Grant's signature in 1934, revealing the effects of his illness. MS 1475, BV Half Moon Club

Grant’s signature in 1934, revealing the effects of his illness. MS 1475, BV Half Moon Club

In an odd twist, Madison Grant suffered from a crippling form of arthritis that left him disabled much in the same way as many of those he decried as detrimental to the population.

“Perhaps Rain, Perhaps Not”: Josh Billings Parodies the Almanac

This post was written by cataloger Catherine Falzone.

Two portraits of Henry Wheeler Shaw (a.k.a. Josh Billings)

Two portraits of Henry Wheeler Shaw (a.k.a. Josh Billings). Meserve Historical Portraits, PR 231.

Continuing our series  of highlights from the American Almanac Collection, another almanac of note is the Farmer’s Allminax by Josh Billings. Josh Billings was the pen name of humorist Henry Wheeler Shaw (1818-1885). Shaw was a member of a prominent New England family—his father was a member of Congress, and his uncle was Chief Justice of the State of New York. One would have expected him to follow suit, but he chose mischief over maturity and was expelled from Hamilton College for stealing the clapper of the chapel bell. For the next ten years he traveled the country, working as a farmer, steamboat captain, coal miner, auctioneer, and real estate agent.

Shaw didn’t begin writing until he was in his forties. His first published piece, “Essay on the Mule,” was ignored by readers until he reissued it with intentional, humorous misspellings and titled it “Essa on the Muel bi Josh Billings” (1864). This resonated with audiences and he was published widely in newspapers throughout the country. Shaw also became a successful lecturer, performing 80-100 shows per year in character as Josh Billings, and wrote humorous columns in the New York Weekly and Century Illustrated Monthly.

Billings produced a wildly popular series of comic almanacs, Josh Billings’ Farmer’s Allminax, every year from 1870 to 1879. They played with the universally familiar format of the almanac, using the guise of a common household item to deliver his trademark misspelled aphorisms. As seen in the two examples below, every issue of his almanac had a parody of the “man of signs,” the ancient and, by the 1870s, completely esoteric diagram of a man’s body marked with the signs of the zodiac that mapped onto different body parts, frequently found in almanacs. (Note: I have translated all captions into modern English, in case his misspellings are too confusing!)

Two pages from Josh Billings' Farmer's Allminax for the year 1870

“The undersigned is an American brave, in his great tragic act of being attacked by the twelve constellations.—(May the best man win.)”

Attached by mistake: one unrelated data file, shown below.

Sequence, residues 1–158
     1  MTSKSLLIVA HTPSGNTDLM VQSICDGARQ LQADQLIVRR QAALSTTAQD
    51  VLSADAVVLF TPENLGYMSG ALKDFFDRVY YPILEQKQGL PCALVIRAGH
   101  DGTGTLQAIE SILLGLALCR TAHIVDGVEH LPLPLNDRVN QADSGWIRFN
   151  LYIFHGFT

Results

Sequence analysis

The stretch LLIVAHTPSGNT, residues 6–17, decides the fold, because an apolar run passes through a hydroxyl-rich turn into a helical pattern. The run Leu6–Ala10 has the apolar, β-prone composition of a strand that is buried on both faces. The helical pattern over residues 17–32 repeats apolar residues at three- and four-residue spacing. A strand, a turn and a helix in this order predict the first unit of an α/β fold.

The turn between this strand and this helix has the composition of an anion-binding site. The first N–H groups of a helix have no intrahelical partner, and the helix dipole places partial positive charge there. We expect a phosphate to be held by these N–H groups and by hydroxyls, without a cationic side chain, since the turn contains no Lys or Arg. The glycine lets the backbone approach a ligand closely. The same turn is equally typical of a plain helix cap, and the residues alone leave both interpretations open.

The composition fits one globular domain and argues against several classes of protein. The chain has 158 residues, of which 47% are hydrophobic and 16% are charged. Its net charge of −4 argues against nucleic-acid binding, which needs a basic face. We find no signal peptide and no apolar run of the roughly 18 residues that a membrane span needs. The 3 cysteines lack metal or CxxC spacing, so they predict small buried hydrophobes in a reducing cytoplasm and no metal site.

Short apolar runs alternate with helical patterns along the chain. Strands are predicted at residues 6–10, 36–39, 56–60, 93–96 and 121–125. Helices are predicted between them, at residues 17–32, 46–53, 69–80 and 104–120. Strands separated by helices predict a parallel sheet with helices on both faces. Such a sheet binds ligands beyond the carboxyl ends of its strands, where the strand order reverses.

Josh Billings’ Farmer’s Allminax for the year 1870. N.Y. 1870 .J67 N9

Two pages from Josh Billings' Farmer's Allminax for the year 1873

“Zodiac signs, of the latest patterns, will be furnished heads of families, or hot beds of learning, at a slight advance upon cost, by speaking to Josh Billings about it.”

Josh Billings’ Farmer’s Allminax for the year of our Lord 1873. N.Y. 1873 .J67 N9











Billings also had fun with the weather predictions, another standard component of almanacs throughout history. Click below on the calendar page for February 1874 to see the liberties he takes with his weather forecasts.

February calendar page for Josh Billings' Farmer's Allminax for the year of our Lord 1874

February 1874.
“Now kill ducks/ now kill time/ now swap hens/ now yoke steers
Now tell yarns/ now sign the pledge/ now go to bed.”

Josh Billings’ Farmer’s Allminax for the year of our Lord 1874. N.Y. 1874 .J67 N9.

Billings was a humorist of and for his time. After the Civil War, American humor had a more skeptical and satirical slant, while becoming less regionally specific; he satirized American life from the fictional and stateless backwater of “Pordunk.” Billings and other so-called “phunny phellows” like Artemus Ward and Petroleum V. Nasby relied heavily on the comic potential of “cacography.” By the 1870s, American spelling had been codified, with uniform spelling being taught in schools from Webster’s ubiquitous “blue-backed” spelling book. Because there was finally a “correct” way to spell, readers delighted in seeing it mangled.

Noah Webster was a good speller/ he had better spells than Billings/ go in when it rains.

May 1871.
“Noah Webster was a good speller/ he had better spells than Billings/ go in when it rains.”

Josh Billings’ Farmer’s Allminax for the year 1871. N.Y. 1871 .J67 N9.









Beloved in his era, Josh Billings has been mostly forgotten today. Like fashion, taste in humor changes. However, if you can look past the cacography, Billings is a charming writer, by turns silly and wise. Of course, don’t take my word for it—Abraham Lincoln, a big fan of Billings, once said, “Next to William Shakespeare, Josh Billings is the greatest judge of human nature the world has ever seen.”